Curry Then And Curry Now
You probably didn’t know that curry has become so integral to the Japanese diet, you’d think it’s only so in India. For example, down Tokyo streets, you’re as likely to find a curry joint as you are a sushi or soba restaurant. The dish was unknown in Japan until about 150 years ago. Japan’s feudal system isolated the country for so long that when Japan opened up its doors to the outside world in the late 19th century, not only foreign science and technology entered, but foreign food as well.
British sailors who colonized India brought curry to Japan. There’s this Japanese-language cookbook, Western Cooking Michimasa, second volume, published in 1872, that showed 110 different recipes of dishes that foreigners ate when they were in Japan. A couple of the entries were: Curried Beef or Muten – Powder Sprinkled on Beer Technique and Explanation of Curried Weel or Fowl Curry Bird Meat Cooked with Curry Powder. It was the two oldest recorded curry recipes in Japanese history, one for beef or mutton and the other for chicken.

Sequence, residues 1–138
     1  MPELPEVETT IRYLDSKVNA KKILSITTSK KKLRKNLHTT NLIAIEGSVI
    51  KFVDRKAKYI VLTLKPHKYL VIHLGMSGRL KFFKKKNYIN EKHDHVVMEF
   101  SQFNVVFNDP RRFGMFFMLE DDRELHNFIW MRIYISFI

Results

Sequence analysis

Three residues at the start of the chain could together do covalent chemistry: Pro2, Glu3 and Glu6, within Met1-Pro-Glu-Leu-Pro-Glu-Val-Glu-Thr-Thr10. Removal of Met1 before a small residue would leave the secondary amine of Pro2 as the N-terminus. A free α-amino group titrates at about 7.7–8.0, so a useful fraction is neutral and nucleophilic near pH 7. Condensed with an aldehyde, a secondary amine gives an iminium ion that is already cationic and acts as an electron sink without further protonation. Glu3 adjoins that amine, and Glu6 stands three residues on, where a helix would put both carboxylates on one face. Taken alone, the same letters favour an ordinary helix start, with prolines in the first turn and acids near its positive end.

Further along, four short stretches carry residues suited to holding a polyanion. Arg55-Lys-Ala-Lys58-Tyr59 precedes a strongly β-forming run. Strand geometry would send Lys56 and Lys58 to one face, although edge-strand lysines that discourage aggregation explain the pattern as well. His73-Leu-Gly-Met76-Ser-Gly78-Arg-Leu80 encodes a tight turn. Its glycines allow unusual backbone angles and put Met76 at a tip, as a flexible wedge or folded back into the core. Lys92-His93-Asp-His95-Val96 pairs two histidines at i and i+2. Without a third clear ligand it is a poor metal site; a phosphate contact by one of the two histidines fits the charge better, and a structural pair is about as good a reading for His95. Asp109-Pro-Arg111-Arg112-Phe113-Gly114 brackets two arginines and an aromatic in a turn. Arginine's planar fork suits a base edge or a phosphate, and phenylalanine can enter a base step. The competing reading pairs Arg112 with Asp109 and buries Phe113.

The oldest Japanese curry was much saltier. It was also a bit bitter. There was no trace of sweetness. But still, it was a charming dish. And so that was how curry came to Japanese soil and how, through the decades, the Japanese made this delicious meal entirely their own.
Serving Curry Dishes in Federal Way
Love our curry selections at K-Ton, your Japanese restaurant in Federal Way. We serve curry in different ways you’ll enjoy, more contemporary than the original curry of 150 years ago.